WASHINGTON, January 30, 2013—Back in the early 1960s, the songwriting/singing sensation The Everly Brothers scored a major hit with a song that opened with the lyrics; “Dream, dream, dream, dream, dream, dream, dream, dream.” Listeners had a good clue as to the topic of the song.
The Everly Brothers certainly were not the first to put the mystery of dreams to music. Poets have been writing of this phenomenon since the dawn of time, not to mention the countless articles, therapies, books and discussions galore inspired by dreams.
So, what’s the story?
Skipping the history of dream interpretation serves to bring modern science to the fore and to ignore the storied lore and bizarre notions of yesteryear. Yet, admittedly, modern psychology still reveres dreams as somewhat of a mystery.
Research into our dream state has shed significant light on the process of dreaming. There are several theories that explain the “when” and “how” of dreaming, but substantial research has yet to provide a deductive argument over “why.”
There are some interesting theories of the why, what and purpose of dreams resulting from a plethora of research and study.
The emotions experienced in a vivid dream can awaken and force the dreamer to deal with the residual unintended stress, anxiety and fear from the dream. Bad dreams are characterized by these features, and align with the theory that, in part, our dreams exemplify our fears.
For example, remember the youthful dream sequence of appearing in public naked or in your underwear? This was the result of self-consciousness experienced as a youth. As we age, our fear dreams relate to illness, death and loss, and in many cases, being chased by an evil entity. A dream interpreter may claim the entity is death itself.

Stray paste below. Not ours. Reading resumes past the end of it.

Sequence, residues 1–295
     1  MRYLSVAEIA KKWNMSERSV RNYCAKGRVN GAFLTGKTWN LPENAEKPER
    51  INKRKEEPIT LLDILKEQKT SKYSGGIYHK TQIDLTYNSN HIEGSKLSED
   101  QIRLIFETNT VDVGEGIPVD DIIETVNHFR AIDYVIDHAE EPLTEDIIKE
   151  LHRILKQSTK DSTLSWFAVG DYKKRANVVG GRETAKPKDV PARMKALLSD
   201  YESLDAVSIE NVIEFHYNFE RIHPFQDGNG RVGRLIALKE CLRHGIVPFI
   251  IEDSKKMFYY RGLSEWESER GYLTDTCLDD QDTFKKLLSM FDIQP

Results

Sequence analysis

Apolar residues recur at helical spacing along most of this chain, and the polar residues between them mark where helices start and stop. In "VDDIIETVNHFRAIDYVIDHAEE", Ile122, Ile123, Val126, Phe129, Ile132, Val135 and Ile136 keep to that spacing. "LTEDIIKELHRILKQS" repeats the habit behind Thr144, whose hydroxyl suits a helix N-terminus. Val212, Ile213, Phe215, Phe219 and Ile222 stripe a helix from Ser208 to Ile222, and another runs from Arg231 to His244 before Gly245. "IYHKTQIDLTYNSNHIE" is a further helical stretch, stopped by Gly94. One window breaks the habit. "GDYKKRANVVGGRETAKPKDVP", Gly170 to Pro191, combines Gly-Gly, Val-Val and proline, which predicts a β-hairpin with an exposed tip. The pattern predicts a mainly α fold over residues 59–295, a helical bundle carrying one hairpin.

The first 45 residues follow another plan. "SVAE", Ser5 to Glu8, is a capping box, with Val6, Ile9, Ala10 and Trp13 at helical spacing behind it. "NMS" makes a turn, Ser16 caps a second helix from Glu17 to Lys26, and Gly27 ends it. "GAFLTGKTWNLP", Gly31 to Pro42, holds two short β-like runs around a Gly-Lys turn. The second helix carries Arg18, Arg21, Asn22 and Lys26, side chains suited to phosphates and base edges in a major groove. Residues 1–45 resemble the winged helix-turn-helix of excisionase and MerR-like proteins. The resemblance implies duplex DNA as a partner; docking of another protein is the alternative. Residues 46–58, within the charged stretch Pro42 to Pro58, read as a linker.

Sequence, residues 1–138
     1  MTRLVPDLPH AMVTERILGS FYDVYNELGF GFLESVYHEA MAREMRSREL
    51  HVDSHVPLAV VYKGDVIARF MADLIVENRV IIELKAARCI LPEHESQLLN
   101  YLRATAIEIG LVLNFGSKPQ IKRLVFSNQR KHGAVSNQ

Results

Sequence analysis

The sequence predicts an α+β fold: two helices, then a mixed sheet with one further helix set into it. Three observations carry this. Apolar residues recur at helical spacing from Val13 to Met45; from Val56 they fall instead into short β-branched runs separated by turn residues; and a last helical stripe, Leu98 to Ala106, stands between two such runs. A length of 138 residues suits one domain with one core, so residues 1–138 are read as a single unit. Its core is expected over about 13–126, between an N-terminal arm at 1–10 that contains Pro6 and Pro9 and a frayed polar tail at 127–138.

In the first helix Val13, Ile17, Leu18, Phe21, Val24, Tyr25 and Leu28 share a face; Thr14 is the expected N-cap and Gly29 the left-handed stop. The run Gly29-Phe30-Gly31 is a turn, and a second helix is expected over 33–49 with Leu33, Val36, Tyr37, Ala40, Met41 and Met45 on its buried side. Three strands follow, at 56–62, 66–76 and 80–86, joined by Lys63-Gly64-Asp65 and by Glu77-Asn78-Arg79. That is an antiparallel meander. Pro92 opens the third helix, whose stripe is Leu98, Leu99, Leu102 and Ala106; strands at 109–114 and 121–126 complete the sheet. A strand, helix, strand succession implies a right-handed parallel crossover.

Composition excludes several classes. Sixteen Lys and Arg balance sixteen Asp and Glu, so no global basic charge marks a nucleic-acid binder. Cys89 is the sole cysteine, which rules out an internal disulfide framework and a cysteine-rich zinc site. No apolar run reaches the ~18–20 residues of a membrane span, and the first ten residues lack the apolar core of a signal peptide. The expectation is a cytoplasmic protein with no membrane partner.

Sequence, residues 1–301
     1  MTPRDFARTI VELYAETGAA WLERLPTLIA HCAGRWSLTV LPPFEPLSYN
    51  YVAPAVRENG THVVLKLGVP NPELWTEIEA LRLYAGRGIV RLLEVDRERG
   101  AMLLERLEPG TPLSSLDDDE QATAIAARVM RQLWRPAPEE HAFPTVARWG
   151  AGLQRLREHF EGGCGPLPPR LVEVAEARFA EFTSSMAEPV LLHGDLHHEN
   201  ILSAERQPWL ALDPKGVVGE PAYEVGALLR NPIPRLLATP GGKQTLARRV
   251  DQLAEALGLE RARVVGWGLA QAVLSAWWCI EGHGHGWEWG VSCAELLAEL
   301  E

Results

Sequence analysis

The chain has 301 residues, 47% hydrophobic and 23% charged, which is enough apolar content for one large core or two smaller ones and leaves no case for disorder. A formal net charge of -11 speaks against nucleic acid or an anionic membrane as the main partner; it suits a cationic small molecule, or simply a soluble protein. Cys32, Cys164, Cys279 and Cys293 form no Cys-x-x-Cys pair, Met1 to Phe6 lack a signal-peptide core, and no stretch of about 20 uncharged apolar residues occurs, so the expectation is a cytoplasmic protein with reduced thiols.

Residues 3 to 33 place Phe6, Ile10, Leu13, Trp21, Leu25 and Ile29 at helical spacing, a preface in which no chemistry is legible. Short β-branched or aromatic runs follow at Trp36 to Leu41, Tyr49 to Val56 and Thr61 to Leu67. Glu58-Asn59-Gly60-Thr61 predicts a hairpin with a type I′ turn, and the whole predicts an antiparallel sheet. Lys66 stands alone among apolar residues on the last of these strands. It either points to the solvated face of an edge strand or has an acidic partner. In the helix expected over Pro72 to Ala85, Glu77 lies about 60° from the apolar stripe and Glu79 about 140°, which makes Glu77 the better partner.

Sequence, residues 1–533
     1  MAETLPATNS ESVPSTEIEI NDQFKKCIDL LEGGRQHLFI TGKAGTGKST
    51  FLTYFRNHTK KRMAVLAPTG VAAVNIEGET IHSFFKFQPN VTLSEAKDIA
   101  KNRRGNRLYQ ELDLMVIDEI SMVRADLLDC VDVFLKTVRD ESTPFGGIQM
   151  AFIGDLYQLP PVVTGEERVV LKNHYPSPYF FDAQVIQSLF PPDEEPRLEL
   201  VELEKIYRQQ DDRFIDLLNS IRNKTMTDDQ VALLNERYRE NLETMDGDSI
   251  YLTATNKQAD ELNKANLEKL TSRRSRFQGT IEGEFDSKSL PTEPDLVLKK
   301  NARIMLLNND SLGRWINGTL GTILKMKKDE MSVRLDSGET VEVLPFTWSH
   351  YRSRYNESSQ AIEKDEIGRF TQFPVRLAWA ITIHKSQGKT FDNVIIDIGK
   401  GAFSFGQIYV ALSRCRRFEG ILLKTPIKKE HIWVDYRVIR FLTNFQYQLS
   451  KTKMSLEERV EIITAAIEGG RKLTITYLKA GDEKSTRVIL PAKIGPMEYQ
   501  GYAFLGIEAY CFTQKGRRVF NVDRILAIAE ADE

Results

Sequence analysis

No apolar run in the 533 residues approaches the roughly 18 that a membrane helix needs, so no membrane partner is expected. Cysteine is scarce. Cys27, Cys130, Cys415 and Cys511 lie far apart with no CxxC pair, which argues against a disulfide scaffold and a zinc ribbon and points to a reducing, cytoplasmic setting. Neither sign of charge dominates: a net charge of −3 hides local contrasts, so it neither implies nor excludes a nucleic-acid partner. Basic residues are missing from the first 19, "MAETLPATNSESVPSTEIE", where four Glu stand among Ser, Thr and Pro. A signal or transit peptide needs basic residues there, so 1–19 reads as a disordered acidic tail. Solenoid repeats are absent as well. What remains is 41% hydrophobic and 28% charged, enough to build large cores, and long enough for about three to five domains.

Others may say the entity is an ex spouse seeking alimony. Regardless of what the dream means, sometimes bad and good dreams can set the emotional tone for the day.
Many people dream of unresolved issues in their lives. For example, the loss of a significant other, the early death of a loved one or broken friendships may remain on our minds. We dream of these topics because our brains are struggling to resolve these issues for us while we sleep, finding it too difficult to resolve them on the plane of consciousness.
Often, we think of someone from years gone by and suddenly they appear in a dream; or we may not think of someone and they appear anyway. Some researchers suggest something in the course of the day triggers a sub-conscious memory of someone even though we may not be aware of it. Our brain brings the sub-conscious memory to the forefront via dreaming.
Dreams seem disorganized, illogical, unreasonable and scattered. Since we cannot apply conscious thought and organization to a dream, the brain uses stored memories of our related thoughts and recognizes potential behaviors to create a collage.
Remembering dreams may be difficult because we dream in our deepest state of rapid eye movement or REM sleep. During REM sleep, dreams last from a few seconds to 20 minutes. Humans usually have different dreams about three to five times per sleep cycle. Our chances of recalling a dream are higher if we awaken during REM sleep or if we experience intense emotions in our dream.
Anyone who claims they do not dream is wrong. These individuals simply do not recall them or the dreams they have are insignificant.
Most of us dream in living color. According to research, those who claim their dreams are in black and white are usually of an age when TV and movies were only shown in black and white. Some studies suggest those who dream on a colorless mental canvass may lack imagination or think of life events in black and white.
Dreams can serve to showcase our desires and wishes, yet our primitive natures are profoundly addressed in the dream state as well. Fear, sex, and survival are recurring themes when we sleep. In fact, studies show all primates, dogs, cats, birds, rats, elephants and many other animals dream. It is thought they too dream of fear, sex and survival.
Apparently, animals tend to run in their dreams, hence the dog on the floor sound asleep yet legs are askew in motion.
We dream of whatever excites our senses, making dreams an individual experience. For this reason, the attempt to interpret them with a broad stroke is a waste of time.
If science can interpret a doggy dream that includes poochy losing the affection of a poodle, appearing in public furless, flying around the yard and being chased by evil vacuum cleaners, the battle of dream interpretation has been won.Click here for reuse options!
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